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Sites U1302 and U13031

Expedition 303 Scientists2

Background and objectives

Orphan Knoll, located 650 km northeast of St. John’s (Newfoundland, Canada), is a topographic high consisting of a fragment of continental crust that detached from North America during continental rifting (Keen and Beaumont, 1990; Chian et al., 2001). It rises 2 km above the Labrador Sea abyssal plain and coincides with the junction of oceanic and continental crust.

Integrated Ocean Drilling Program (IODP) Sites U1302 and U1303 are separated by 5.68 km in 3250–3500 m water depth ~35–45 km southeast of the crest of Orphan Knoll (1800 m water depth), the location of Deep Sea Drilling Project Site 111 drilled in 1970. The axis of the Northwest Atlantic Mid-Ocean Channel (NAMOC) (see Chough et al., 1987), at ~4000 m water depth, lies 200 km to the northeast (Fig. F1). Sites U1302 and U1303 are on the crest of a small ridge to the east of a fault scarp marking the eastern side of Orphan Knoll (Fig. F2). Surrounding canyons partially protect this location from debris flow wedges associated with advances of ice tongues to the edge of the shelf (Aksu and Hiscott, 1992).

The impetus for IODP sampling at Sites U1302 and U1303 stems from sedimentologic observations made in piston Core HU91-045-094P recovered close to Site U1303 (Fig. F3) by the CCGS Hudson (HU) in 1991. This 11 m piston core revealed the presence of numerous detrital layers deposited during the last glacial cycle (Hillaire-Marcel et al., 1994; Stoner et al., 1995, 1996), providing a proximal record of Laurentide Ice Sheet (LIS) instability, equivalent to the more distal Heinrich layers of the central Atlantic ice-rafted debris (IRD) belt (Heinrich, 1988; Broecker et al., 1992).

For Core HU91-045-094P, Stoner et al. (1995) introduced a labeling scheme for detrital carbonate (DC1–DC6) and low detrital carbonate (LDC 5–6) layers. The detrital layers can be detected by a range of proxies such as gamma ray attenuation (GRA) density, magnetic susceptibility (Fig. F4), color reflectance, and grain-size-sensitive magnetic parameters (see Stoner et al., 1996). Low planktonic δ18O and δ13C values coincide with detrital layers, indicating the presence of meltwater and low productivity in surface water (Hillaire-Marcel et al., 1994; Hillaire-Marcel and Bilodeau, 2000).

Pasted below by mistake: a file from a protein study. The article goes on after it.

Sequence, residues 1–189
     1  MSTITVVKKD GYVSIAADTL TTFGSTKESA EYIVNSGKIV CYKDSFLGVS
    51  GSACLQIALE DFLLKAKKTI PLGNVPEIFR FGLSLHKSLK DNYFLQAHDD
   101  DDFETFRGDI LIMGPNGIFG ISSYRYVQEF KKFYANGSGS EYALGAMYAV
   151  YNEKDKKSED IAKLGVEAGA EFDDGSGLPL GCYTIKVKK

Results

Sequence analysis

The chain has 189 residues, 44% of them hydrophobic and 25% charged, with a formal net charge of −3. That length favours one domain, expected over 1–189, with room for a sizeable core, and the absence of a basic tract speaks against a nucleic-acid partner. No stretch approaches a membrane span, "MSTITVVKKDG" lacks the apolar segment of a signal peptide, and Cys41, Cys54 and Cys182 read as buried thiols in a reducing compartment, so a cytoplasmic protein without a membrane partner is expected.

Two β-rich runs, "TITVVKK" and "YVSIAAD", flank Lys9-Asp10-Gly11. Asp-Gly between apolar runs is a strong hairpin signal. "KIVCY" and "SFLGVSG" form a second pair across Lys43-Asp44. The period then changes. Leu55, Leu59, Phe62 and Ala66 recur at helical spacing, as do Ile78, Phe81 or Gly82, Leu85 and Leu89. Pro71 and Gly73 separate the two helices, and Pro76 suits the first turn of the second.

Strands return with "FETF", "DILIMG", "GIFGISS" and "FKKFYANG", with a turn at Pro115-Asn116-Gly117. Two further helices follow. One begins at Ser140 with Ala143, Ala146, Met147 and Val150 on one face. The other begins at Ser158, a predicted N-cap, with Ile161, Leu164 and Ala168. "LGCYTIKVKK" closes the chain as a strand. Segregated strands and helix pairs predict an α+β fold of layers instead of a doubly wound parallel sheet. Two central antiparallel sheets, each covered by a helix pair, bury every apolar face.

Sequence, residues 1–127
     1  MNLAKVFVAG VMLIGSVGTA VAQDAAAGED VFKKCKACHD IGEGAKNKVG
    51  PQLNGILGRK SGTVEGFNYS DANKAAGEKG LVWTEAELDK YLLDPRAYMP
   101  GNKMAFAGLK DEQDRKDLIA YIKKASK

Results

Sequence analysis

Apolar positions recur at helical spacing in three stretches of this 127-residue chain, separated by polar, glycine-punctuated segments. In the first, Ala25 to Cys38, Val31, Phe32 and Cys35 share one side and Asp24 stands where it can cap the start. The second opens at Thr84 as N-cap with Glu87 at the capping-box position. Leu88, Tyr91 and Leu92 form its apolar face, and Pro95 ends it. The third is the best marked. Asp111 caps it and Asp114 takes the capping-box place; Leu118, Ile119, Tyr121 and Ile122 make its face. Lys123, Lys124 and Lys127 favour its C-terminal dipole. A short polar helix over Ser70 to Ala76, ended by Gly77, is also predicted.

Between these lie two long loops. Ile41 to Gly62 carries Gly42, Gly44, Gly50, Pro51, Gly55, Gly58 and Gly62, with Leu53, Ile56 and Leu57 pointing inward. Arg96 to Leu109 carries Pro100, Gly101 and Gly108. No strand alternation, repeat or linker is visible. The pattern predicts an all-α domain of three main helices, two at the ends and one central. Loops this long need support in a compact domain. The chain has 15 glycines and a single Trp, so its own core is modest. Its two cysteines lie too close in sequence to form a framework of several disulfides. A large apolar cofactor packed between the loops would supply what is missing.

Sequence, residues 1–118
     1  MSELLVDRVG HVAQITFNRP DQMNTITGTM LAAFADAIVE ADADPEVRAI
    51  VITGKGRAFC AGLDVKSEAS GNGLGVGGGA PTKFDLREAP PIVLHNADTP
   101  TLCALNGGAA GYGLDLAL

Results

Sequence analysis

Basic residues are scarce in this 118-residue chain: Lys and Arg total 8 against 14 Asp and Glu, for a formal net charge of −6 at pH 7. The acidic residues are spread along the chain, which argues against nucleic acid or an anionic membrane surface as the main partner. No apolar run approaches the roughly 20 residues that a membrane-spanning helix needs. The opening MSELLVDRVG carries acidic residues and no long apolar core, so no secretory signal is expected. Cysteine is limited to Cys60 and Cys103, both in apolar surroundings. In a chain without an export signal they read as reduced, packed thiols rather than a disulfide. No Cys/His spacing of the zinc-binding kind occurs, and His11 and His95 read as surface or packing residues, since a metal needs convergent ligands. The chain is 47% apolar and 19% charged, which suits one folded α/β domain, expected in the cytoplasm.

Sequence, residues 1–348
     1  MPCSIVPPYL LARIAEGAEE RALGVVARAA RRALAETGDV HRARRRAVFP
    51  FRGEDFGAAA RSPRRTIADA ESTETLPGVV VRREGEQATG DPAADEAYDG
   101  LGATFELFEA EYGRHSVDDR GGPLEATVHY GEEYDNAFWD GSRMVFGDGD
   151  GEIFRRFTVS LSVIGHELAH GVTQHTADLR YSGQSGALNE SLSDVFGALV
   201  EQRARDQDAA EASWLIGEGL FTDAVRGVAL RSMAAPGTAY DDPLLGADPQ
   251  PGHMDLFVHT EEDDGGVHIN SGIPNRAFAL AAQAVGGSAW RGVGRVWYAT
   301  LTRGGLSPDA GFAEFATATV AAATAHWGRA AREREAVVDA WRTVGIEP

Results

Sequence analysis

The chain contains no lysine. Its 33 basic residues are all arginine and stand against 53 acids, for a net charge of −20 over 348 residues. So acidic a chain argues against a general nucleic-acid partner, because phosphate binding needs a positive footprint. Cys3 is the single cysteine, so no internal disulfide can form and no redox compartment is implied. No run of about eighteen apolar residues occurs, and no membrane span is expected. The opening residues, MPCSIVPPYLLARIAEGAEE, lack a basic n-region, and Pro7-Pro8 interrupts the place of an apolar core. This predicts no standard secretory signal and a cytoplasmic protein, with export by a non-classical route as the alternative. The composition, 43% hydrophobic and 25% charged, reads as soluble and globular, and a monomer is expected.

Following the important results from Core HU91-045-094P, the Site U1303 location was sampled during the 1995 and 1999 Images cruises of the Marion-Dufresne (MD; Cores MD95-2024 and MD99-2237). The stratigraphy in these MD cores can be correlated to the HU core (Fig. F4) and extends the environmental record into marine isotope Stage (MIS) 6, although the record is incomplete beyond MIS 5d (Turon et al., 1999; Stoner et al., 2000). The detrital layers have been shown to correlate to cold stadials in the Greenland Summit GRIP/GISP2 ice core on the basis of correlation of both marine/ice core δ18O records and relative geomagnetic paleointensity data from Core MD95-2024 to cosmogenic isotope flux at GRIP/GISP2 (Stoner et al., 2000). An enigma in the correlation between Core HU91-045-094P and the two MD cores is the apparent contrast in accumulation rates among cores, whereby the MD cores have approximately twice the apparent accumulation rates of the HU core (Fig. F4). This may be explained partly by the stretching in the MD “calypso” cores.